The exchange area

Our first few runners were all pretty speedy, as expected. It was hot and windy, but everyone was still excited to be running. Tyson was dealing with some stomach issues, but he still put in a good time.

I started out with my Red run at 6pm. Cade had run it earlier and gave me a brief overview. It was still pretty hot and there was a ~20mph wind which had peaked around 4-5pm. I pushed hard on the uphill and quickly realized that my hill training during the past couple months was insufficient (no thanks to a knee injury that took out most of my April). It was crazy how many people I passed. There were a lot of walkers, especially on the uphill, and many people were taking it pretty easy on the downhill. My goal was to at least be below an 8 minute pace and with the downhill I was able to get some time back. I pushed hard on the downhill and my knee started to get a little unsteady. I also noticed I was already burning out my quads on my first of three runs. With about 1.5mi left the course went onto a nice dirt road and I picked up some time. Then there was a little more uphill and a fun ending: we ran through several campsites with people cheering and giving high-fives. I finished pretty strong and was happy with a time of ~59 minutes.

Immediately after my run I drank a chocolate milk and headed to eat my free dinner. I wanted to refuel as soon as possible so that I could recover and digest the food. One tough thing about being on a “fast” team is that you only have about 4-5 hours from the end of one run to the beginning of your next run. I tried to rest a bit, but sleep wasn’t going to happen. I have a lot of irrational anxiety in relays as I worry about being ready for my next run on time.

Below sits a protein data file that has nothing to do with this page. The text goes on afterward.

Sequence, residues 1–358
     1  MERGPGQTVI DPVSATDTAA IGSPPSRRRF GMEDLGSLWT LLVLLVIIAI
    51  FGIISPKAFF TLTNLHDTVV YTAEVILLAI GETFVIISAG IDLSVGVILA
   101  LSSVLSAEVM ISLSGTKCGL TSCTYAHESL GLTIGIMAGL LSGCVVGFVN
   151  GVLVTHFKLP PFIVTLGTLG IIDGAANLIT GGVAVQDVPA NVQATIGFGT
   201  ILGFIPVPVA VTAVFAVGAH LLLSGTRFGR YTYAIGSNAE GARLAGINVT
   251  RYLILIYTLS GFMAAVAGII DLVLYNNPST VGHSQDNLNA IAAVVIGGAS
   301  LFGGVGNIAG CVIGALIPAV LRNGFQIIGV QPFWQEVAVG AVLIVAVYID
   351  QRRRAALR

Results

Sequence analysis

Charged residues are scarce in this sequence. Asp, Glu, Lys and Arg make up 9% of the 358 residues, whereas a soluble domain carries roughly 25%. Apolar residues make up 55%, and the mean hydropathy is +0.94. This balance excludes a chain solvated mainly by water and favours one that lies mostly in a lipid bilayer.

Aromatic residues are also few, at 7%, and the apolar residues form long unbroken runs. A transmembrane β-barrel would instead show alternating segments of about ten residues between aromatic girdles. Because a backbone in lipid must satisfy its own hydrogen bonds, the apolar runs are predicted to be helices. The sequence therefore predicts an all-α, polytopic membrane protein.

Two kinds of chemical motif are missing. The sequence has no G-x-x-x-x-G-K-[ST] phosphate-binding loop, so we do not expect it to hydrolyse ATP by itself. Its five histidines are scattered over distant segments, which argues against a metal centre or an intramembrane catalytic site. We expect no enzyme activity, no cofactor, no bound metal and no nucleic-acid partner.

I started the yellow loop at about 11:20. The temperature was nice, but it was very dark. My uphill portion went a little slow. I could tell I was dragging and paying the price for a hard red run. I figured I could make up some time on the downhill; however, despite having a cheap headlamp as well as a flashlight in my hand, I couldn’t see the trail clearly on the downhill. I had to slow down my pace to avoid tripping and stumbling on the rutty single track trail. I was much slower than the downhill portion of the red, and not due to fatigue. This was very frustrating and I finished a bit disappointed and unsatisfied.

I again drank some chocolate milk and also made myself some oatmeal.

And I ate some bacon. Nate had brought ~12 lbs of bacon which he started cooking up about the time I left on my yellow run. Since we were right next to the course, he and Kevin began advertising the bacon to people finishing their loops. Some were extremely grateful and it made their night. The announcer started noticing people coming across the finish line eating bacon and mentioned as much. Eventually they took some to her. Other people turned down the bacon, of course. A couple said (rather snootily) when they were offered a piece, “I’m vegetarian.”

Eventually I laid down in the tent in my sleeping bag. It was dark and getting cold. There were issues with the finish line timing, so the announcer was constantly calling out team numbers to alert runners who was coming in. This amounted to torture for someone trying to sleep. Imagine someone in your bedroom randomly calling out numbers between 1 and 425 after you lay down. That’s what it was like, but it was still worth being close to the finish to be close to the action. I was also battling my irrational relay anxiety of worrying about missing my next leg. I figured I could lay down and rest my legs and heart even if I wasn’t actually sleeping much. I spent about 2-2.5 hours in my sleeping bag “resting”.